Brazil Potash starts construction of the Autazes project

Autazes is expected to be the largest fertilizer mine in Latin America. (Image: Brazil Potash)

Brazil Potash began construction this week on the Silvinita mine in Autazes after it received six more licences from the Amazonas Environmental Protection Institute (IPAAM), the agency responsible for environmental licensing in the state of Amazonas.

Last month, IPAAM had issued a licence to the privately held Brazil Potash to build the project, pegged to be the largest fertilizer mine in Latin America within the Amazon rainforest.

The six new installation licences cover vegetation suppression, forest replacement, capture, collection and transportation of wildlife, and earthworks for the ore terminal and the port.

The company intends to invest 13 billion reais ($2.6 billion) to establish the mine, located 120 kilometres southeast of the state capital, Manaus.

Production is expected to start in 2026 with an initial output sufficient to cover about 20% of Brazil’s potash needs. The project capacity will be 2.2 million tonnes of potassium chloride per year, the company estimates.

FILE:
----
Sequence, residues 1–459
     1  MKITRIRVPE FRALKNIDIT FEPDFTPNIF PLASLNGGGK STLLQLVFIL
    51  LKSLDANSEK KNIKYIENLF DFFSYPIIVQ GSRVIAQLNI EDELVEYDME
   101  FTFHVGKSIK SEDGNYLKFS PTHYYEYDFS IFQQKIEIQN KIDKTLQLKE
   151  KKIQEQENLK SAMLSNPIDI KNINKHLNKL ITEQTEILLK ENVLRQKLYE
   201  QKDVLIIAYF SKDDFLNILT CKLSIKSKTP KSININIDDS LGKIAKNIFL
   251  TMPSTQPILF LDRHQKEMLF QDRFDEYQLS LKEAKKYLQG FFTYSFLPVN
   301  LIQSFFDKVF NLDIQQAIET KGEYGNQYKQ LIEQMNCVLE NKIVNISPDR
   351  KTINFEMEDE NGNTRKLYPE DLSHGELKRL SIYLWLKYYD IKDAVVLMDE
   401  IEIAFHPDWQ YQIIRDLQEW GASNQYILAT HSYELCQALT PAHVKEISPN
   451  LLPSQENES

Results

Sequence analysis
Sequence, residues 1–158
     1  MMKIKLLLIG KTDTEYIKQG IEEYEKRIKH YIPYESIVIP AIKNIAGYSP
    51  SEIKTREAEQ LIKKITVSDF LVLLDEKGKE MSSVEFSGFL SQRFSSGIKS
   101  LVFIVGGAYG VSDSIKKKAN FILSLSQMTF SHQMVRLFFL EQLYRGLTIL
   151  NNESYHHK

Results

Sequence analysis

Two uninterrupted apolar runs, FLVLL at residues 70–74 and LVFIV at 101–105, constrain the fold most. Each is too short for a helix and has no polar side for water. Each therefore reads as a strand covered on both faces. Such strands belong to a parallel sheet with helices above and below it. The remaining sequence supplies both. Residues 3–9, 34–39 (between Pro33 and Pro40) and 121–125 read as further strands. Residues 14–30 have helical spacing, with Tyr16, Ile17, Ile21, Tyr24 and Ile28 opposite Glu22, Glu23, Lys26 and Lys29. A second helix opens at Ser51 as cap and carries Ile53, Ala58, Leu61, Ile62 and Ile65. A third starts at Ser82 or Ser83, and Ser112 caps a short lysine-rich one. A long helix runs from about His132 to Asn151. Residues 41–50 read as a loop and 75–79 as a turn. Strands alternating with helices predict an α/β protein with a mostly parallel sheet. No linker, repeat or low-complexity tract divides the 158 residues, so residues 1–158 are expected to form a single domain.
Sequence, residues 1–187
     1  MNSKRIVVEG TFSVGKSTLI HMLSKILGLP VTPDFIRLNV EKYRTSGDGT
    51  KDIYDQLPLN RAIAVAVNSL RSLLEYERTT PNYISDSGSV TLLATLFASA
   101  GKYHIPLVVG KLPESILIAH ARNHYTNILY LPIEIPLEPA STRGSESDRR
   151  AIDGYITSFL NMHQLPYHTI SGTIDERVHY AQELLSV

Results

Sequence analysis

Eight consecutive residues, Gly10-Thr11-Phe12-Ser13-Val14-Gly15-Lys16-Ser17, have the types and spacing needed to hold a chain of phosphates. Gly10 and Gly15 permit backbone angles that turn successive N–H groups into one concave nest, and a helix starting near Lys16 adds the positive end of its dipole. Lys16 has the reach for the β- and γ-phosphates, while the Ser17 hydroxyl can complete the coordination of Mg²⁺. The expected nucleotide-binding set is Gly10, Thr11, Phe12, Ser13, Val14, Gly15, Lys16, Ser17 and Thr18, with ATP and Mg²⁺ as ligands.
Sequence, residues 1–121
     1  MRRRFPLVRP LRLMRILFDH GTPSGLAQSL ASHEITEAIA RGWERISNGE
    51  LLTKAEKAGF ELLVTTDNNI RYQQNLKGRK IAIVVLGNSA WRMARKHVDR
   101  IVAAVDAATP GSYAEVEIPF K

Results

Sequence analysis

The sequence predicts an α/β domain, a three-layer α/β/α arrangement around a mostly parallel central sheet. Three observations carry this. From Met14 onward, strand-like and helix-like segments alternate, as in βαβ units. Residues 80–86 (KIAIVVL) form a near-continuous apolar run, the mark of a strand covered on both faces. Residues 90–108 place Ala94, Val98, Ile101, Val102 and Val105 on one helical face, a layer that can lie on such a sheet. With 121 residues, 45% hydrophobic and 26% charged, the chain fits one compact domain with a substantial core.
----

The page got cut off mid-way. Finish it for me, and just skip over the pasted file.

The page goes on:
“Autazes is progressing positively and meeting the legal requirements consistent with the magnitude of this project. At this moment, the project is already generating benefits for the community, with the direct and indirect hiring of people through a network of service providers and suppliers,” Brazil Potash president Adriano Espeschit said in a statement.

The project, which could reduce Brazilian agriculture’s 90% dependence on imported potash, has been held up for years due to opposition from indigenous Mura people, who say they have not been consulted about the use of their ancestral lands.

On Tuesday, federal prosecutors again requested the immediate suspension of the licence IPAAM had granted for the project.

Questioned about the public prosecutor’s request, Brazil Potash told MINING.COM that it will respond in court.